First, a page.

and Film Flops:
The Most Notable Examples
1995 - 2
(chronologically, by film title)
Intro | Silents-1949 | 1950 -1966 | 1967-1969 | 1970-1974 | 1975-1977 | 1978-1979
1980 | 1981 | 1982 | 1983-1984 | 1985-1986 | 1987-1989
1990-1991 | 1992-1994 | 1995 - 1 | 1995 - 2 | 1996-1997 | 1998 | 1999
2000 | 2001 - 1 | 2001 - 2 | 2002 - 1 | 2002 - 2 | 2002 - 3 | 2003 | 2004 | 2005 | 2006 | 2007-Present
|Film Title, Director, Studio, Budget Information, Description|
The Scarlet Letter (1995)
Very loosely based on Nathaniel Hawthorne's 1850 novel about mid-17th century Puritanical Massachusetts, this reinterpreted, 'Hollywoodized' romantic drama about forbidden love was severely criticized upon its release, for the way in which the sexualized script freely deviated from its source.
Limited ability actress/sexpot Demi Moore (who also appeared in numerous other clunkers in the 90s, including Striptease (1996) and G.I. Jane (1997)) was miscast in the role of the adulterous, independent-minded and free-spirited, heroically-silent Hester Prynne opposite co-star Gary Oldman as her sinful and anguished lover Reverend Arthur Dimmesdale. In particular, the film added action sequences (Indian skirmishes), a witch hunt, a reappearing scarlet bird (a tempting devil symbol?), a sexy and voyeuristic slave girl named Mituba (Lisa Joliffe-Andoh), and a happy denouement including the rescue of Hester from the gallows and the condemned couple's ride off to a fulfilling life in the Carolinas - unlike the novel in which Hester was doomed by hanging (although saved), and the guilt-ridden Dimmesdale died of a heart attack on the scaffold after a public confession.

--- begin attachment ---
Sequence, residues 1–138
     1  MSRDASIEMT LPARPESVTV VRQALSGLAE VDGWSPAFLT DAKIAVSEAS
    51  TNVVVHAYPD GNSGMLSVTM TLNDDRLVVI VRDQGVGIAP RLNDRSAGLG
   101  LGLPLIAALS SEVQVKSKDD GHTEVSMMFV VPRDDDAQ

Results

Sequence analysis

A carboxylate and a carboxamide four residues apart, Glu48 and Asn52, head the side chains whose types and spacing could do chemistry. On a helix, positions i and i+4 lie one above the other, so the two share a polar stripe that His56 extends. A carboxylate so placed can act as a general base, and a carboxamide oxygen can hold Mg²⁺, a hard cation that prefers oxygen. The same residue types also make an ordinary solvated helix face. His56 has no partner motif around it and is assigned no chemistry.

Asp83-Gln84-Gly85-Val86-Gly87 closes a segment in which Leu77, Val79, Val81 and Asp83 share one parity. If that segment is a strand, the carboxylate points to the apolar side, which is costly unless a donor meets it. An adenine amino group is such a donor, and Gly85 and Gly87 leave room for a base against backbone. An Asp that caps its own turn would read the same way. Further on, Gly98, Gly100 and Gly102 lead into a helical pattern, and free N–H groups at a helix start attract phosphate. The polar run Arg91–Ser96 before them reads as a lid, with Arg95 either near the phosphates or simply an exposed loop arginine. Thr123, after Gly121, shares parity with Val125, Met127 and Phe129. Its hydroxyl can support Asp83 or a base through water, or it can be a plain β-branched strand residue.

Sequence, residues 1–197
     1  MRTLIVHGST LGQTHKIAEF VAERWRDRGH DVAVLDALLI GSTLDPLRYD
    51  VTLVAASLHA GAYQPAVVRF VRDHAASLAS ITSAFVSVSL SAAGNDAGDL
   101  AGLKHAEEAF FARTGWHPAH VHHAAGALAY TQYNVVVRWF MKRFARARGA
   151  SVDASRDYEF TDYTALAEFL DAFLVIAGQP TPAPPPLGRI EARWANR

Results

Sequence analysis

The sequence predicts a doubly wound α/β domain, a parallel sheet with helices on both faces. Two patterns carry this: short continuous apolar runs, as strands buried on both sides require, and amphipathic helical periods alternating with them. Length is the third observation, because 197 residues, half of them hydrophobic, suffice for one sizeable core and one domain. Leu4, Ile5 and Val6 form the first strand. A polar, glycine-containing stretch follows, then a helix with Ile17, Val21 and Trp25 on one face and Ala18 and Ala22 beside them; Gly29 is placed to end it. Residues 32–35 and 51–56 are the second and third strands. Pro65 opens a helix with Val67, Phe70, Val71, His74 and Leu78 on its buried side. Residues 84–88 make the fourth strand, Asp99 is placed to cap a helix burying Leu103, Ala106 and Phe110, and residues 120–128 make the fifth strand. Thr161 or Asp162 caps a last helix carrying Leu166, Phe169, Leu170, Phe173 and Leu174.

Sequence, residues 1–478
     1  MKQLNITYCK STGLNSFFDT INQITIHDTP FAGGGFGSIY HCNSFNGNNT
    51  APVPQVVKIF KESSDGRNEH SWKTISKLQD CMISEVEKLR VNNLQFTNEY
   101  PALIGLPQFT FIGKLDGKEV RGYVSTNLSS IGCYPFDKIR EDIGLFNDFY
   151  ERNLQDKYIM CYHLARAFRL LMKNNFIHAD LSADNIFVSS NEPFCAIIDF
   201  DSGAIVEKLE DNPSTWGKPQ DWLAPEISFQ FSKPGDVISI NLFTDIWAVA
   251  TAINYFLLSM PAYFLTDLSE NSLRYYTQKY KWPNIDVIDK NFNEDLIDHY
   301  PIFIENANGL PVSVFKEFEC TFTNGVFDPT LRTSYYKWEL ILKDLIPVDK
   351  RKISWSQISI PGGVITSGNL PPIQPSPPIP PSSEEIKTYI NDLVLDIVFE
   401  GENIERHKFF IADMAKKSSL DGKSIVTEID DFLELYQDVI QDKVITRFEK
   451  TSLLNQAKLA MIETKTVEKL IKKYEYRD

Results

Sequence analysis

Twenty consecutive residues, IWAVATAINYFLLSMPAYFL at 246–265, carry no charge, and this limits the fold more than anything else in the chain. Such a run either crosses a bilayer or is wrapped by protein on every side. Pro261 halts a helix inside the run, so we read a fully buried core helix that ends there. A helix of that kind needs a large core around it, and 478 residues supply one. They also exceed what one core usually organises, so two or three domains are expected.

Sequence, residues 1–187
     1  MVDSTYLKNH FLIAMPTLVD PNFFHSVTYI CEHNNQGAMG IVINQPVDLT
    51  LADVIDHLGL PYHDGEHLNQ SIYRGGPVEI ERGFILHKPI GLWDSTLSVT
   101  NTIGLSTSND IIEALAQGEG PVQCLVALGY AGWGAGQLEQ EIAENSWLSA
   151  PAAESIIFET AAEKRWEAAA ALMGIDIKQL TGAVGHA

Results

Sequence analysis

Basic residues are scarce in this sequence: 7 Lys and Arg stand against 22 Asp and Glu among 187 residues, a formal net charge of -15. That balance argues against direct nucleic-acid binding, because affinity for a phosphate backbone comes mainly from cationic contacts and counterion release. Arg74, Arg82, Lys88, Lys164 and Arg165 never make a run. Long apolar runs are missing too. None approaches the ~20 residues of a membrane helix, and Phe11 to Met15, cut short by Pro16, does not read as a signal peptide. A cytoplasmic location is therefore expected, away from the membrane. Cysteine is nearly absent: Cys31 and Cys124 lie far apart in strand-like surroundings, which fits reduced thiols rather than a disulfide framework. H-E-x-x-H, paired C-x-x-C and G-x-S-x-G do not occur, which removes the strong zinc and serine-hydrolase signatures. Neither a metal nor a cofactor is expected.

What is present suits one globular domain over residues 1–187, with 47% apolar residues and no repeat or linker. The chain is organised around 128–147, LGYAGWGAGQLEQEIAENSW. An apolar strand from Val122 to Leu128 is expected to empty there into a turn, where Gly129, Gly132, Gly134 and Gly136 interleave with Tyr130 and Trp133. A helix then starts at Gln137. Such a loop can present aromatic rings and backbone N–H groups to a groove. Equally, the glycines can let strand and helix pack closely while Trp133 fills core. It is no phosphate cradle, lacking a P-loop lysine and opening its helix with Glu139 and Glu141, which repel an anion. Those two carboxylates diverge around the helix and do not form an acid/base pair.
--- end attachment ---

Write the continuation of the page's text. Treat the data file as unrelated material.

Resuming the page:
The melodramatic, overlong, revisionist R-rated film (for violence and nudity by both of its main stars, especially Oldman's skinny-dip, Moore's luxuriant bath scene, and the passionate scene of their lusty, child-producing love-making in a barn) received seven Razzie Award nominations including Worst Actress (Demi Moore), Worst Director (Joffe), Worst Picture, Worst Screen Couple, Worst Screenplay, and Worst Supporting Actor (Robert Duvall as vengeful Roger Chillingworth/Prynne) and won the award for Worst Remake or Sequel.
This 'guilty-pleasure' popular cult film was the second pairing of director Paul Verhoeven (known for RoboCop (1987) and Basic Instinct (1992)) and screenwriter Joe Eszterhas (also for Basic Instinct (1992)). It was a sleazy, big-budget 'adult-oriented' film that became a camp classic instead. The outlandish, over-the-top film marked a milestone in film history - it was the first NC-17 rated film with a wide mainstream release. Although it was the first big-budget, adults-only film in many years (after Caligula (1979) and Philip Kaufman's Henry & June (1990)), it turned out to be both a critical and commercial failure, and grossed only $20 million (half of its budgeted cost).
Feature film newcomer Elizabeth Berkley (of TV's Saved By the Bell) starred as 23 year-old Nomi Malone - a stripper turned Las Vegas showgirl-dancer in a soul-less, exploitative plot with mostly repugnant characters. However, the cynical film was nothing like Flashdance (1983), All About Eve (1950), or 42nd Street (1933), although it had aspirations. First working at the sleazy Cheetah Club where she performed pole and lap dances, Nomi graduated to the Stardust's "Goddess" topless dance show (where she contributed her characteristically-jerky dance moves) with scores of half-naked dancers. There, she developed a love-hate attraction for bi-sexual, trashy diva star Cristal Connors (Gina Gershon), who headlined and made her flashy entrance from an exploding volcano.